Defamation. More prison? Senate takes a step back after OSCE protest
Blocked the increase of the penalty from six to nine years in prison. But the danger has not yet ceased
The bad news on the health status of press freedom in Italy, as we explain elsewhere, are the specialty of this report. In Italy these news are many, are important, but many of them can be read only on Ossigeno’s news site. It’s hard to learn them from other media if not for mere mentions, usually to throw water on the fire, so as to say that there is no need to be afraid, that everything is under control. Why? The newspaper editors say that these things are not interesting, they bore readers, depress sales. As such they remain screened from the general public, so much so for those violations of absolute gravity for which the international institutions, as soon as they got wind, raised the alarm, as happened most recently on May 27, when the Representative on Media Freedom of the OSCE, Dunjia Mijatovic made it known to the whole world that the Italian Senate was about to pass a law that would have disregarded all the pledges made by the Italian authorities with the international community. The Senate, in fact, was preparing (and still is preparing) to approve a bill that would increase from six to nine years, the maximum penalty for those found guilty of defamation. This – the OSCE Representative said – “would have a chilling effect, and a harmful one, on investigative journalism.”
As Ossigeno explained, the harshening of the penalty would be possible by introducing a specific aggravating circumstance, a residue of archaic legal systems, which in Italy has not been applied for a long time. The same kind of aggravating circumstance that another bill being examined by the same Senate Judiciary Committee which proposes to abolish it, with a proposal that has already received the consent of both Houses of Parliament and which still awaits a final vote. Even more worrying is the fact that the new bill proposes to apply this aggravated punishment for defamation of individual legislators, public officials, magistrates, political and judicial bodies. “This legislative initiative – the OSCE Representative on Media Freedom commented – is harmful because, in itself, prison sentences are a disproportionate penalty for libel.”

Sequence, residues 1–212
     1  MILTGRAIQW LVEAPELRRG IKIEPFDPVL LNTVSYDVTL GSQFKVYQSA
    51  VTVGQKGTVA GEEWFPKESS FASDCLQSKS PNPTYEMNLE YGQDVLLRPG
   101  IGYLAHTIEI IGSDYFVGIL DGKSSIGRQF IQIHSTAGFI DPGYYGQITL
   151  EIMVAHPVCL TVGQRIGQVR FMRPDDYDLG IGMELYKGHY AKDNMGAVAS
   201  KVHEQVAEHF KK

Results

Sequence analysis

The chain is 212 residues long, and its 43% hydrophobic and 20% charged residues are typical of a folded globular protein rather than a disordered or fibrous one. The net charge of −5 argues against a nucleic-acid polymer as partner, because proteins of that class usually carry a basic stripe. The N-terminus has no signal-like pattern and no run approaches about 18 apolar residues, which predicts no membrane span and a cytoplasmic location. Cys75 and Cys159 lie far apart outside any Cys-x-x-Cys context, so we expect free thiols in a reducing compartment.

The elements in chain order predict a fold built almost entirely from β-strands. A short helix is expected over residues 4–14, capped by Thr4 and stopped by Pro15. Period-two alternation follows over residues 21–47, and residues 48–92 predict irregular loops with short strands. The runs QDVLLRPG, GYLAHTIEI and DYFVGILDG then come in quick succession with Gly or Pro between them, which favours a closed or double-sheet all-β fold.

Among other things, in the wake of these statements and the detailed information provided by Ossigeno per l’Informazione to the OSCE, also other international organizations have taken a stand. The fact was reported by organizations such as the EFJ (European Federation of Journalists), AEJ (Association of European Journalists), IPI (International Press Institute) and Index on Censorship as a level 2 alarm (the highest alarm level is 1) on the “Platform for the protection of journalism and the safety of journalists” of the Council of Europe. This means that the Council of Europe will ask for justifications to the Italian Government. The Italian media have not given visibility or importance even to these alarms. While the Italian authorities have not given any explanation.